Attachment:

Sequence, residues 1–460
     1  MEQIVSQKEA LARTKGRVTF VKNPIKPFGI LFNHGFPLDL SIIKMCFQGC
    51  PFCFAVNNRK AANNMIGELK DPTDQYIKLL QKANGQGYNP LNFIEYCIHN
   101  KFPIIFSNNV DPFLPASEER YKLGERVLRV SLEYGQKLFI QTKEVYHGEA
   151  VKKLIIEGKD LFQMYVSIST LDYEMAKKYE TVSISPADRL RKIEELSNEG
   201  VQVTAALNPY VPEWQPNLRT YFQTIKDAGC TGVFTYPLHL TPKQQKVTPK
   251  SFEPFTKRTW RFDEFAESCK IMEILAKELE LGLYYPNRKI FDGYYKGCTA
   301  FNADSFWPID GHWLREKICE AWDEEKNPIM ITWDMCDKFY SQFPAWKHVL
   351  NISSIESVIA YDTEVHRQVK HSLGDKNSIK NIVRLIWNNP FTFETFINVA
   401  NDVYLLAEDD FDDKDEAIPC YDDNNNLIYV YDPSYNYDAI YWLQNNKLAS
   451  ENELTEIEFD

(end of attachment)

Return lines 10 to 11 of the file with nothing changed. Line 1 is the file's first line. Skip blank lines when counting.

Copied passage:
   401  NDVYLLAEDD FDDKDEAIPC YDDNNNLIYV YDPSYNYDAI YWLQNNKLAS
   451  ENELTEIEFD